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Rob Hopkins: Transition Towns is the only ethically defensible thing to do



American anthropologist Margaret Mead’s famous quote about a “small group of thoughtful, committed people” being the only thing that has ever changed the world could have been said about the Transition Towns movement.

Launched in 2005 in Totnes, Devon, in response to environmental and economic pressures, offshoot initiatives initially spread elsewhere in the UK. Now, there are Transition Towns in communities across the US, Canada, Australia, South Africa, New Zealand, Brazil and more.

The man behind it all is Rob Hopkins, and he spoke to Alex Blackburne about his project’s meteoric success.

What is the Transition Network?

It’s really an approach which is about what a community-led response to climate change, the end of the age of cheap energy and the economic crisis looks like. It’s founded on the idea of community resilience, making the places that we live in more resilient to shock and change, and seeing that as a historic opportunity for entrepreneurship, fresh-thinking and creativity.

Where did the idea come from?

It started in Totnes, and we started an exploration into what a community-led approach would look like, and then it just took off – much to our surprise. We started getting people around the UK picking it up, and then further afield, and there’s now not a week that goes by we don’t say, “Look what they’re doing in South Africa!” or wherever.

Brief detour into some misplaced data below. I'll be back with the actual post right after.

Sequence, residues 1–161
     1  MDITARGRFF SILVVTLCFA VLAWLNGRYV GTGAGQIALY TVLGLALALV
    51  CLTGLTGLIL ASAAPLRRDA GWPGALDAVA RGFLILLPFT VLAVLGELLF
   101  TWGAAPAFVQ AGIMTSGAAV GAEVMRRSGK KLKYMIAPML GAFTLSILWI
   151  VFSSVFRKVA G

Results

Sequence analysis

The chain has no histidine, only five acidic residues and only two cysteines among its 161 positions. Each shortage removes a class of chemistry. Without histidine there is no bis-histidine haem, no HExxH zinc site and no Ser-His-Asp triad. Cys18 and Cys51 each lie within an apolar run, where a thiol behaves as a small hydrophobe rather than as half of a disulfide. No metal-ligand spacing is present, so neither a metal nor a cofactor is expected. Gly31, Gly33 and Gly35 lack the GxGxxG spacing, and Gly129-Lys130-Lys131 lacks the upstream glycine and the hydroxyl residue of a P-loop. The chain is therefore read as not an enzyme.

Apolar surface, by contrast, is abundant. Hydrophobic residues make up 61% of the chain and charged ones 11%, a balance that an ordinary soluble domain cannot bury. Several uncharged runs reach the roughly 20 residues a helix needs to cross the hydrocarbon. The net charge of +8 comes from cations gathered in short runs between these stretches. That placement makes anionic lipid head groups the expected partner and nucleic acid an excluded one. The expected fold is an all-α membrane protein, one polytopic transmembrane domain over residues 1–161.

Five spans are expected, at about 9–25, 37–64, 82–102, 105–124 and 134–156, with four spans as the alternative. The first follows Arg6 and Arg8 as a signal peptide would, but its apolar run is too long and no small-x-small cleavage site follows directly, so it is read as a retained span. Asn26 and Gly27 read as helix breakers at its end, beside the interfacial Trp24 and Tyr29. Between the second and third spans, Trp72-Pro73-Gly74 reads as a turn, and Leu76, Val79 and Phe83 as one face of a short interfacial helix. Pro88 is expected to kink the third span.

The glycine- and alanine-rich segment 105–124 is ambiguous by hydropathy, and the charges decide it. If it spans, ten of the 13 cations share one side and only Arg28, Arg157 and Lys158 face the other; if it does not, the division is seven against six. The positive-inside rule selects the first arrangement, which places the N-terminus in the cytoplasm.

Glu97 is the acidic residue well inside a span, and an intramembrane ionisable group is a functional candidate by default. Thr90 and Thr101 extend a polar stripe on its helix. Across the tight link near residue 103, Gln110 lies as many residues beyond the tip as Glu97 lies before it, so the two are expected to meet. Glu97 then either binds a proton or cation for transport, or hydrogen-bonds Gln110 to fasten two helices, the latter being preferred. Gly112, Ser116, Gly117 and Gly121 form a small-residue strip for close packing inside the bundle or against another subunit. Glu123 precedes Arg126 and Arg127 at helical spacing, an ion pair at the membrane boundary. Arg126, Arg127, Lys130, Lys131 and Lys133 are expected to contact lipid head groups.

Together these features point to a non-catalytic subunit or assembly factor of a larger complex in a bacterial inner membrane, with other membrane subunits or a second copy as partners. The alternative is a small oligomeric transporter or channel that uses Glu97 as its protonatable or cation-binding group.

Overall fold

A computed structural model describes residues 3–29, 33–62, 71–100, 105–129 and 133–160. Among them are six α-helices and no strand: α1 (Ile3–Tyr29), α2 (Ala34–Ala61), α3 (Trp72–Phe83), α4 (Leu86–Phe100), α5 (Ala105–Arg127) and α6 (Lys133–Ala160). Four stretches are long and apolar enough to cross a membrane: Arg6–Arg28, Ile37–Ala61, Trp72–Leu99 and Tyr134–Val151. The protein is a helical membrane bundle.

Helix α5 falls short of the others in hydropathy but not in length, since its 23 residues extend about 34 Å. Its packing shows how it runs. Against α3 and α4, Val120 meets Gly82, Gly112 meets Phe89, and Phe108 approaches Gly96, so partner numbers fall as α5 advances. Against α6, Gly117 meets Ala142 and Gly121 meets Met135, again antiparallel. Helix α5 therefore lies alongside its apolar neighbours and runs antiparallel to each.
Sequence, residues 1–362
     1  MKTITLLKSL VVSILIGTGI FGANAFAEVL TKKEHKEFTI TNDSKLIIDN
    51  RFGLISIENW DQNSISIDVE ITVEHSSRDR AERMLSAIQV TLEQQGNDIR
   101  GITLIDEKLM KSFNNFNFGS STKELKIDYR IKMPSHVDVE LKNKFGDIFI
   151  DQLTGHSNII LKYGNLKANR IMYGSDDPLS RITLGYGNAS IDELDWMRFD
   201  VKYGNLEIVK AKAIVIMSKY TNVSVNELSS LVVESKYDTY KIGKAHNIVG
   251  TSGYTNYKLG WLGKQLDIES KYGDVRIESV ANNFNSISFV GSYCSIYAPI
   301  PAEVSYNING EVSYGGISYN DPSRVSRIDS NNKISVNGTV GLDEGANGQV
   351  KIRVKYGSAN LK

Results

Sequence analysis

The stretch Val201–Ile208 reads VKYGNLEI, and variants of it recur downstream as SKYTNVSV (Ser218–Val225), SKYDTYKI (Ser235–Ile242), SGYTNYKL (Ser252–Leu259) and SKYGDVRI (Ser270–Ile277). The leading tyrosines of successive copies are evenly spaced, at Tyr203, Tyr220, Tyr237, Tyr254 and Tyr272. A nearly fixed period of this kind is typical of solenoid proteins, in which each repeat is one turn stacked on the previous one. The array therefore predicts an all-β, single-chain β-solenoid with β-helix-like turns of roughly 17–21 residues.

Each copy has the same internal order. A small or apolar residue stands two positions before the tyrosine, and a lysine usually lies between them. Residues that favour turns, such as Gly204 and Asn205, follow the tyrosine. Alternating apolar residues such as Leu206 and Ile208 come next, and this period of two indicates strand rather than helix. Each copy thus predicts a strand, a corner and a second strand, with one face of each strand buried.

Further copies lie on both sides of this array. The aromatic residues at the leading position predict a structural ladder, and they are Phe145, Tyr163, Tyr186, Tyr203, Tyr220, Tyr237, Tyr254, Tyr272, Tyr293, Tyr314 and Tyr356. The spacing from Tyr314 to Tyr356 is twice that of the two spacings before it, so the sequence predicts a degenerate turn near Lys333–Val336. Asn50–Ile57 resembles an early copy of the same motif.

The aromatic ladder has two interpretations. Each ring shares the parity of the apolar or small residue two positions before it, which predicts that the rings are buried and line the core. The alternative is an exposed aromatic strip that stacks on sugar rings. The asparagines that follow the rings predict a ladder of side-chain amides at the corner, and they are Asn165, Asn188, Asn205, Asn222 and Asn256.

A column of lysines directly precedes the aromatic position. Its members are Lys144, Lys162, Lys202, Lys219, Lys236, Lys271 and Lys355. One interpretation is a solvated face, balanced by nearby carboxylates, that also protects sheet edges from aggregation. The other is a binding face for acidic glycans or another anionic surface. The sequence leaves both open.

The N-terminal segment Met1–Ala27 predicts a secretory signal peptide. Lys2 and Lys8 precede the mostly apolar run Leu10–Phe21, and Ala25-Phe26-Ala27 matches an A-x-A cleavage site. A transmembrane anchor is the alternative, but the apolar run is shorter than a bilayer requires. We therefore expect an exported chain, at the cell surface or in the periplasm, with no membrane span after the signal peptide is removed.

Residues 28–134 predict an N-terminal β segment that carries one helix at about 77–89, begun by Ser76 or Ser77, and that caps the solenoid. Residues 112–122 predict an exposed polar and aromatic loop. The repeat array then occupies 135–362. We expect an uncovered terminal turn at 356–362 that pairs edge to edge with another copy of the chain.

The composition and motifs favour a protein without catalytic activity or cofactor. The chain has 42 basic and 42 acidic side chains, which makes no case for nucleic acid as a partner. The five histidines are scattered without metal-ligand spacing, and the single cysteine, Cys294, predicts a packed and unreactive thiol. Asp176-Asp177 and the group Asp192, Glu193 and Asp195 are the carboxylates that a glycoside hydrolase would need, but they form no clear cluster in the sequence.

The world is on the verge of giving up the idea that we can actually do anything about climate change, and that’s what drives me

The original idea was to see how we could create some kind of self-organising approach. It wasn’t designed to be like a Coca-Cola franchise; it was designed to be something that people anywhere in the world would pick up. There was enough shape to it that it felt like it was a recognisable, distinct thing, but at the same time there was enough freedom and flexibility for them to make it their own.

For example, the Transition movement is just on fire in Brazil, and it doesn’t feel like a UK import; it feels like a Brazilian thing. They’ve developed their own way of teaching it, communicating it and presenting it, and that’s a testament of how we designed it at the beginning.

Do you have a clear idea of what a low-carbon economy looks like?

It’s becoming much clearer. When we started, we always framed Transition as being an experiment – and something that we’d only figure out if enough people in enough different places have a go at it, and we could pool that learning and that knowledge. But I think now, we have a sense that it’s in part about shifting the focus from inward investment to internal investment, and getting communities to invest in themselves.

That’s one of the things that comes through very strongly in the new book. We’re looking at a model that is going to be focused on localisation, and the things that make sense to do. It’s going to be based on resilience and looking at how the things that we do and the businesses that are put in place contribute to that.

They’re going to be low-carbon and they’re going to recognise that we live in a world of limits; not of infinite resource possibilities. They’re going to be about bringing resources to community ownership. And often, they’re going to be enterprises that serve a wider social purpose – rather than just for profit. Those models are really exciting.